Teamwork and collaboration skills

There’s a famous quote about teamwork by philosopher Aristotle that says, “the whole is greater than the sum of its parts”. It suggests that the work produced by teams is better than if that same work was completed by individuals, and that a special quality emerges when cooperation and collaboration occur. 

Whether or not you agree, the reality is that no matter what role you’re in, at some stage you’ll need to collaborate with other people. So, we’ve pulled together some top advice on how to improve your teamwork skills and become a killer collaborator. After reading, you’ll no doubt see why, thousands of years later, Aristotle’s words still ring true today. 

Improving your teamwork skills

Why is teamwork important? Because an organisation of any size cannot operate smoothly and successfully when people work alone. Success requires departments internally and stakeholders externally to engage, debate, share skills, exchange knowledge and integrate resources to get the job done.

While teamwork skills are incredibly important in the workplace, that doesn’t mean everyone has them. Maybe you’re a natural introvert? Have you spent many years working remotely and independently? 

These are all valid reasons for why you might want to improve your teamwork skills, and here are a few ways to ensure you’re the best collaborator you can be:

  • Commit to dedication
    High performing teams are absolutely focused on the end result, committed to the result they’ve agreed to, and will find innovative solutions to achieve this. The dedication of every team member counts, so whatever your role, show that you’re committed, even in the face of change or adversity, and always be ready to assist others.
  • Be governed by goals and live by purpose
    If you’re new to working in teams, or wanting to improve your collaborative skills, remember to always keep the project goals and organisational purpose front of mind. If all your work aligns to this and you can remind your team of this throughout the duration of your work, you can be sure you’ll make valuable contributions, and help others do so too.
  • Learn to listen
    While teamwork requires a solid amount of idea and strategy generation, an important component of teamwork is also listening; knowing when the contributions of others need to be heeded. Improving your listening skills and seeing different suggestions as valuable ensure the best ideas are surfaced, tested and implemented. You’ll also assist in boosting the morale and confidence of those you’re collaborating with, making every team member feel like they’ve been truly heard and considered.
  • Combat negativity
    Improving your teamwork also requires you to know how to combat negativity. International speaker and leadership consultant Graeme Joy coined the term “idea assassins”, identifying those who are quick to list reasons why you won’t achieve your goals. Joy says the difficulty with idea assassins is that they often have something “pertinent and valuable” to say about what makes others fail. Their advice can be vital to success, but the challenge is to take this information and analyse it, without it becoming a hindrance to your work, project or team.

Diversity is key to teamwork

The best teams aren’t made up of people who look, think, act or lead in the same way. Why? Because you’d end up with a group who are likely to agree quickly on most ideas, rather than debate and challenge them to find the very best solution. When considering how to improve your teamwork skills and better understand why collaboration is important, consider that the most successful teams look for diversity in the below areas:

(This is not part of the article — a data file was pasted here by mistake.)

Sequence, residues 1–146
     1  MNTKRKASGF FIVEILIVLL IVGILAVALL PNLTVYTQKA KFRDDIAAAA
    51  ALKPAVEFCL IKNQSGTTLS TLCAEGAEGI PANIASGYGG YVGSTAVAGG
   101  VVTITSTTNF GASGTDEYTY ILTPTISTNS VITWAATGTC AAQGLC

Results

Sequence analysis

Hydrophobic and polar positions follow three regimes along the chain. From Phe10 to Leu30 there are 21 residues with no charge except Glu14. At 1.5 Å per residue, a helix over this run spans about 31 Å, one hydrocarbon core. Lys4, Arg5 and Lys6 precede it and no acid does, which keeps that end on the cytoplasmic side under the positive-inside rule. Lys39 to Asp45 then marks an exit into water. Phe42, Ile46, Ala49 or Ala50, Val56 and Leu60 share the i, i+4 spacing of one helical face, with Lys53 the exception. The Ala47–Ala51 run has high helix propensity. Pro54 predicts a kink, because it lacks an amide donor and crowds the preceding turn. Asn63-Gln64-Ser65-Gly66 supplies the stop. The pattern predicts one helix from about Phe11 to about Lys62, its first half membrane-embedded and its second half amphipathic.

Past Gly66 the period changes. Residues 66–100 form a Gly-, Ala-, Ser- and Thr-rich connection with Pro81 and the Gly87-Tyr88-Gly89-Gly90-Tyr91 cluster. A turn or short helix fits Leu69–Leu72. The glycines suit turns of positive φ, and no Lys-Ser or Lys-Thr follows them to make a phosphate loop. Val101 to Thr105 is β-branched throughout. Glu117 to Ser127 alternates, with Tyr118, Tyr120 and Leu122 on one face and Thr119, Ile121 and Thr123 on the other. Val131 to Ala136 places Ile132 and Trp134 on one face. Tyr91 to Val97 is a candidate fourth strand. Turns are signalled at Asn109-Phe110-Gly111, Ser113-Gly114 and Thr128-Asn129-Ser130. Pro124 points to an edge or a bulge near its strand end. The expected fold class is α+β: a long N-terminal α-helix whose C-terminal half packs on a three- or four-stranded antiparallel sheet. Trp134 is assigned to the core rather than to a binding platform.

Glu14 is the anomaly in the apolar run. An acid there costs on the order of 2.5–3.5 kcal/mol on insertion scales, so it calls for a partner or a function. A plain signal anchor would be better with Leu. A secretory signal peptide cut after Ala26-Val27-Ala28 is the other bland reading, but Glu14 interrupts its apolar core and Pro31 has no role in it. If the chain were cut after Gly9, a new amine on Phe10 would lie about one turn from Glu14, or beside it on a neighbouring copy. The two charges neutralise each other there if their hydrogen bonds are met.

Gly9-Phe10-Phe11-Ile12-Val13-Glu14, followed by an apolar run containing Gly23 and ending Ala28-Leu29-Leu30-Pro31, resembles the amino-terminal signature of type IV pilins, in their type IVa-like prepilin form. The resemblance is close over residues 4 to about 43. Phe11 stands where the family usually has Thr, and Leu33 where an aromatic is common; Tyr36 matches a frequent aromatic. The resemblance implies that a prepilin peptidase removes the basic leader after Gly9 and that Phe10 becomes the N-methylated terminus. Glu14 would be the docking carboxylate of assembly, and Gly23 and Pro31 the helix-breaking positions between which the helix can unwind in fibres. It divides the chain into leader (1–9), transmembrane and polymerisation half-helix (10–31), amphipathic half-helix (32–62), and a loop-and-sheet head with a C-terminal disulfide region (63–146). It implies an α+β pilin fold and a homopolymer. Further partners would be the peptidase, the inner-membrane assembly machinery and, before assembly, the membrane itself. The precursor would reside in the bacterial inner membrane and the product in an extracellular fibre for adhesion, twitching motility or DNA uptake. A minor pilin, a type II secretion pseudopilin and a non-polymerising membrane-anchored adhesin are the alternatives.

• Personality
    Having a variety of personality types on your team helps being differing perspectives and ideas to projects and problems. For example, a traditional Type A personality may present the big ideas initially, while a conventional Type C personality might spend time quietly analysing and finessing the proposed ideas. Combined, you’ll likely get a team that has considered many approaches and strategies, and will likely find better solutions. 
  • Skills and experience
    It’s unlikely that an individual alone possesses the breadth of skills and experience needed to complete every task your department or organisation demands. Aspiring to have a range of skills and experiences will allow for a greater range of ideas and processes to be tested, where team members can draw on past and seemingly unrelated experience to brilliantly solve the task at hand.
  • Work styles
    Engaging different work styles to collaborate starts with acknowledging that there's often more than one right way to get the job done. Maximising benefits when working with people who have different approaches to tasks requires patience and respect, so ensure that these are always present, even if the work styles vary immensely. 
  • Roles
    While it might seem unconventional to have members of the customer service team present in a marketing strategy brainstorm session, consider this: who spends the most time with your organisation’s customers? And while it’s not standard practice to have members of IT in a sales executive meeting, asking yourself: who customises the sales software used by the team nation-wide? Where relevant and appropriate, consider including members or different departments, and of varying levels of seniority to your meetings to gather a holistic view of issues and information that you and your team may not have otherwise had access to.

Teamwork should be an exciting part of every role you undertake, whether you’re just starting out as an accountant or you’re the CEO of an IT company.

Being open to constantly improving your teamwork skills will help you not only get the best out of your collaborations, but likely open up opportunities that you never even imagined, propelling your career in truly rewarding directions.